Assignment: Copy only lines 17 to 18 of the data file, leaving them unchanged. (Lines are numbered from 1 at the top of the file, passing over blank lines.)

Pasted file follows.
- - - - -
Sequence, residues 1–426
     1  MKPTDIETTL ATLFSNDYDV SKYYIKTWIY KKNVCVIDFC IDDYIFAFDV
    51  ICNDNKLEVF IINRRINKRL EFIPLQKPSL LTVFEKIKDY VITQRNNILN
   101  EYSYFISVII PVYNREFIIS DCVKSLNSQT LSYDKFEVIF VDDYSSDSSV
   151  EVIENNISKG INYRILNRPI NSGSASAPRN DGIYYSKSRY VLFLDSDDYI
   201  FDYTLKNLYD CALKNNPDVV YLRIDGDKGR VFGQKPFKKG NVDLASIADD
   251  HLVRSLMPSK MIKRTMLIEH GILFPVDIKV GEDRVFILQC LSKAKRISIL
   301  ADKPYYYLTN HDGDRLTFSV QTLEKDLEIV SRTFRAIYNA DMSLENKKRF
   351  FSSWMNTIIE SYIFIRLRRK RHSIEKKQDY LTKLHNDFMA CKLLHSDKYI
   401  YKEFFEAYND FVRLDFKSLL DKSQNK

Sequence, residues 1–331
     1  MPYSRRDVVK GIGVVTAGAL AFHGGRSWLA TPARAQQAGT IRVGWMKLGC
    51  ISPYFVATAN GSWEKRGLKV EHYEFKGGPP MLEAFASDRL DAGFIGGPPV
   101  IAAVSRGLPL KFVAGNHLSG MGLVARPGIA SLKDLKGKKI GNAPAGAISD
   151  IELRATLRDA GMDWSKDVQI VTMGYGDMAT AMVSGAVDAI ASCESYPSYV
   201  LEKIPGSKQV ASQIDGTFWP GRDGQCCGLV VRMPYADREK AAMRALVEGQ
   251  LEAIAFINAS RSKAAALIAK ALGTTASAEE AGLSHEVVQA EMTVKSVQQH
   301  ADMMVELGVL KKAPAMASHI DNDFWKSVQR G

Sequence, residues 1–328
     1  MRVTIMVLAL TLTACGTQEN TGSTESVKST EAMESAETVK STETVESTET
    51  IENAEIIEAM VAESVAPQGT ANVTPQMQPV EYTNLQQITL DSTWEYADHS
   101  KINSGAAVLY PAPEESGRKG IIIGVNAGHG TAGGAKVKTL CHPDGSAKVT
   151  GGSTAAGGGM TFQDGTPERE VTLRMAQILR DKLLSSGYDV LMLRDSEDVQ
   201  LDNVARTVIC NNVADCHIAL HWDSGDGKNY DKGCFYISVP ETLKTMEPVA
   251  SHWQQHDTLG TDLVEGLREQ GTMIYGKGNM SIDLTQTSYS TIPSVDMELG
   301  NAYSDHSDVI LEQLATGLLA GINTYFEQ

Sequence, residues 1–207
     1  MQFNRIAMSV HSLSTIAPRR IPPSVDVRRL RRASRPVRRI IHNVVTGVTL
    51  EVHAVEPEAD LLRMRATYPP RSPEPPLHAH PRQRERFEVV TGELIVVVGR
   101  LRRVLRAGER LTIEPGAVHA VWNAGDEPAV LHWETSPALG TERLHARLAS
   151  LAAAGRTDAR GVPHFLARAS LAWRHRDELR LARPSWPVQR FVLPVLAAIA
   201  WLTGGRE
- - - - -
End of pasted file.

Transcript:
   251  LEAIAFINAS RSKAAALIAK ALGTTASAEE AGLSHEVVQA EMTVKSVQQH
   301  ADMMVELGVL KKAPAMASHI DNDFWKSVQR G